Seed Germination

What is seed germination?
Seed germination is one of the most important phases in the life of plants. The seed is the basic building block for plants. Although a seed appears as a tiny capsule, it contains a potential life or embryo within it. In fact, even that seemingly life-less seed has reserve supplies of food and water that keeps the embryo within it alive. Without favorable environmental conditions, the seed is inactive or said to be in a quiescent state. When external conditions become favorable the metabolism process is initiated and the seed will germinate. It is then ready to grow into a plant.

So simply put, germination is a process that includes various changes that occur from the instance the inactive seed is provided with externally favorable conditions to the time when it sprouts into young seedlings.


So, what happens during germination?
Various changes take place during germination. It is during the process of germination that the embryo of the seed starts to develop. The germination process can be divided into two steps:

Seed Germination

Imbibition: This is the first step in the seed germination process in which the seed absorbs water. When water has been provided to the seed, an externally favorable environmental condition is created and the seed becomes active because its constituents are hydrated. Subsequently the seed swells up. It swells up to a point which causes the coating of the seed to crack. And from this opening in the seed, life springs out in the form of a root.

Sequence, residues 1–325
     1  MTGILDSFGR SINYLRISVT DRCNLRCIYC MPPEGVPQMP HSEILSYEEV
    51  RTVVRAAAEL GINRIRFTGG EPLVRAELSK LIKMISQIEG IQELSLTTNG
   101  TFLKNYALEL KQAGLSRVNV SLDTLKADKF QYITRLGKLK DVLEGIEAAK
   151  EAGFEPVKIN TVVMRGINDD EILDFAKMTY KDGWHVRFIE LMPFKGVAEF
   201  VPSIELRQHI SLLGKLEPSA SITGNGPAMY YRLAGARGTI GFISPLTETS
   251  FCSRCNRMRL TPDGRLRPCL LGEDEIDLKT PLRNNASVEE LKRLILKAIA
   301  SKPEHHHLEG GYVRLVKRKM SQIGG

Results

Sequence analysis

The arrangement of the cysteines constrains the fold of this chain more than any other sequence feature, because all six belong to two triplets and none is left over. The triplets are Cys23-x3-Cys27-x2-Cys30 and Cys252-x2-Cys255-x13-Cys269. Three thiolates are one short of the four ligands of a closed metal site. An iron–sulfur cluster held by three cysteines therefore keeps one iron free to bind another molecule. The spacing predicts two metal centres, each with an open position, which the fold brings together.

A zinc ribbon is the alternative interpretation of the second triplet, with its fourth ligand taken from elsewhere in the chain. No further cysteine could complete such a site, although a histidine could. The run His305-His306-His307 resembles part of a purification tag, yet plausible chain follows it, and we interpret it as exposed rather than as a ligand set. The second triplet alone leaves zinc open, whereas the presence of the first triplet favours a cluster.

Respiration: When externally favorable conditions are provided to the seed, the metabolic process is triggered, initially in the absence of oxygen. Over a period of time, metabolism processes take place in the presence of oxygen.

Thus in the process of germination, the seed sprouts into a seedling, with the roots forming first and then the leaves forming next. The germination process comes to an end when the seedling has used up all the stored reserves of food it had as a seed. The end of germination marks the beginning of establishment phase.

So, what are the requirements for seed germination?
The essential external factors for germination are:

  • Water: Water is crucial for the germination of the seed. Water softens the coating. When this water is absorbed by the seed, it causes the seed to swell and then cracks open to start the process of germination
  • Temperature: The soil or compost temperature required by various seeds to germinate is different. The temperature range is crucial since the seed will not germinate above or below that range. A temperature range of 60 degree F to 75 degree F is ideal for many varieties of seeds to germinate. However, there are seeds that will germinate in cooler soil temperatures
  • Oxygen: It is crucial to the metabolism process and provides energy to the seedling. Burying the seed deep inside the soil or water logging the soil may prevent seed germination due to lack of oxygen
  • Light or darkness: Some seeds require light whereas some seeds germinate regardless of exposure to light. The former type is called Photoblastic and the latter is called Non- Photoblastic

Thus, in order to increase the likelihood of seed germination or the germination rate, it is important to provide favorable environmental conditions to that particular group of seeds

Seed Germination

Eddie enjoys gardening and the challenges it provides. He is particularly interesting in growing vegetable garden seeds and often uses a seedling mat to help them along.